5 years ago, I’m pretty sure I straight-up laughed when someone told me that storing files in the cloud was the future of computing. The idea that I had to have an internet connection to access, say, my music files seemed ridiculous. “What happens if I lose my internet connection?” I thought to myself.
The funny part is, even then I was already heavily invested in cloud computing. Chances are, so were you.
It took me a while to realize it, but the cloud has been a part of my daily computing experience for quite a while. For me, it started when I snagged an invite to Gmail. Although I didn’t fully appreciate it at the time, from that day forward, I was putting a piece of my life–and an essential one at that–online, trusting a third-party to manage it and safeguard it. It was a pretty big step that I did not appreciate in the slightest.
And that’s how it started. Slowly, piece by piece, more and more of my user experience crept to the cloud. It’s now gotten to the point where I can scarcely imagine how it could be any other way. Pictures and videos on one device but not on the other? Not for me, buddy – my pictures are with me everywhere, anytime, on all devices! Of course, it’s now totally unacceptable for me to start listening to a podcast on my smartphone and not be able to pickup precisely where I left off on my tablet. I just can’t live like that. And don’t for one second tell me that I have to be bothered to reenter a password in Chrome – my passwords are auto-synced and auto-filled, thank you very much.
The power and convenience of the cloud is impossible to ignore. What was once a disparate, disjointed experience among several devices, is now a unified, seamless experience. In a way, we’ve turned the tables on our technology. Our devices center around us, not the other way around.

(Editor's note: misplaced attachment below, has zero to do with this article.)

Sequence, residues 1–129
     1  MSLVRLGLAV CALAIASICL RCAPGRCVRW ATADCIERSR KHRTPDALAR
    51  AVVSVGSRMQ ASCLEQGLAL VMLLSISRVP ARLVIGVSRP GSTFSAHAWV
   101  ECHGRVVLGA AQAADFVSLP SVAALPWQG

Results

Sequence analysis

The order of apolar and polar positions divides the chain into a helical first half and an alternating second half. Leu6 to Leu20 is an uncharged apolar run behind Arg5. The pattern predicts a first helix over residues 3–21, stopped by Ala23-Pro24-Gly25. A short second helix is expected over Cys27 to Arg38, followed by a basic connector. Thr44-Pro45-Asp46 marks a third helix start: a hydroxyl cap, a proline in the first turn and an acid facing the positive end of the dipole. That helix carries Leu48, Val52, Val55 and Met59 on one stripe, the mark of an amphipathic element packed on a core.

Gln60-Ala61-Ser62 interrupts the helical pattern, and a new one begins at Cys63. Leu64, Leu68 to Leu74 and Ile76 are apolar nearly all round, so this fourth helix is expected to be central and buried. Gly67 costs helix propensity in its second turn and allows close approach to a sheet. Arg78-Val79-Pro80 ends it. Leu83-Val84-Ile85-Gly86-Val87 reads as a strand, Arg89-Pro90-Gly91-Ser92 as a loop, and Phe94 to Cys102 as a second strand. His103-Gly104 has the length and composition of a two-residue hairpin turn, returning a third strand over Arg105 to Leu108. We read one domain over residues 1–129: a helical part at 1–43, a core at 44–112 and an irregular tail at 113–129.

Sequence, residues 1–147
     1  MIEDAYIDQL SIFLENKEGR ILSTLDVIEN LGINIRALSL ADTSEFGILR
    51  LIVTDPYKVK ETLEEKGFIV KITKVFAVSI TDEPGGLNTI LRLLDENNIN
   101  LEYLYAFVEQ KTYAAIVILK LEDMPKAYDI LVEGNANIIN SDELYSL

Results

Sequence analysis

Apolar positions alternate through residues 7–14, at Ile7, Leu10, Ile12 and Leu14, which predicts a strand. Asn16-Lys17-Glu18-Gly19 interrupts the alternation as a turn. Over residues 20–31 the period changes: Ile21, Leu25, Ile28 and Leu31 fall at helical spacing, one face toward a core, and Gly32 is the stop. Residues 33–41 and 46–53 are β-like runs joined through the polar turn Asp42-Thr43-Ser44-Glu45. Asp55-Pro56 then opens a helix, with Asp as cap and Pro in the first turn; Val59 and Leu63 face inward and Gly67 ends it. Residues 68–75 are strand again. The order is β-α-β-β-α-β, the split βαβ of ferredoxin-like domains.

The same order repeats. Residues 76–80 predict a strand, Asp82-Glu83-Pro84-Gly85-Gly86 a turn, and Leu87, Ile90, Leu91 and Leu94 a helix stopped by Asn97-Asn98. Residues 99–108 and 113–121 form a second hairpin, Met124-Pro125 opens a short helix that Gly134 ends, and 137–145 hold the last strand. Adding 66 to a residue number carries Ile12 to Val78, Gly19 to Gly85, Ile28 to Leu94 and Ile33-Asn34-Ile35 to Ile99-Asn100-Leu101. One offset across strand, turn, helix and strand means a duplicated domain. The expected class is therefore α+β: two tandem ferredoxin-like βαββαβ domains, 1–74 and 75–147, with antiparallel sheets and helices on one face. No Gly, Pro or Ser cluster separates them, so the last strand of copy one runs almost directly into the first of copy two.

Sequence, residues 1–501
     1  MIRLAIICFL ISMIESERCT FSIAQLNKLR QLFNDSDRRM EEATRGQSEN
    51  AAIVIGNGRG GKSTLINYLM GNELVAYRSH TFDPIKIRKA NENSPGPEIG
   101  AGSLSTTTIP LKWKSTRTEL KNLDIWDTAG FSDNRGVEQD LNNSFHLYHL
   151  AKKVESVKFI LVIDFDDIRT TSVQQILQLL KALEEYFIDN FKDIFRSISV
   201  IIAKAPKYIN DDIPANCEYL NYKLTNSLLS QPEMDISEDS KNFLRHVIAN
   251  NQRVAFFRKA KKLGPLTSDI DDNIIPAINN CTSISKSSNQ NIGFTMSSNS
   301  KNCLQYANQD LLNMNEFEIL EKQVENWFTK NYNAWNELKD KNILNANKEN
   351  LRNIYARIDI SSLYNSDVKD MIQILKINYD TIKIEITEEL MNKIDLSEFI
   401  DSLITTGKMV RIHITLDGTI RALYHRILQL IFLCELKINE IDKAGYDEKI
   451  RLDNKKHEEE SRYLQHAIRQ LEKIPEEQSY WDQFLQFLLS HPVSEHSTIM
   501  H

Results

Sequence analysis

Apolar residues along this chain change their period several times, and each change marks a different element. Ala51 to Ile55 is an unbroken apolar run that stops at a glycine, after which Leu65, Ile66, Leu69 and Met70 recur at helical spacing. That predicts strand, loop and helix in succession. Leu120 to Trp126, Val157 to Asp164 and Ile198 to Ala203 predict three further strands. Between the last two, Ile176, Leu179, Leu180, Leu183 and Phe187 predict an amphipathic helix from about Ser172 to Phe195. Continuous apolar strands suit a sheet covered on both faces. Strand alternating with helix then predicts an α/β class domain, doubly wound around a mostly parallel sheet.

But even that, it seems, is just the beginning. The true power of the cloud seems to involve more than simply making things available centrally for users to hook into. Instead of just consumer-facing services using the cloud, computing platforms are now branching out to the cloud in order to extend and enhance their functionality. Take Google Play Services; this tool allows Google to push out important system updates to Android clients. Any device running Android 2.3 or greater supports this service, and it’s Google’s direct pipeline to your installation of Android to enhance its functionality, security, and general level of awesomeness. Thanks to Google Play Services, features that may have once been reserved for the latest version of Android can now be enjoyed by users on a wide variety of Android versions. This feels like Cloud 2.0 to me. Or maybe even 2.75. Either way, it’s really cool.
I know I’ve come a long way when it comes to accepting the cloud and how it can improve my user experience. I also know that we’re just scratching the surface of all this. The future is always an exciting place.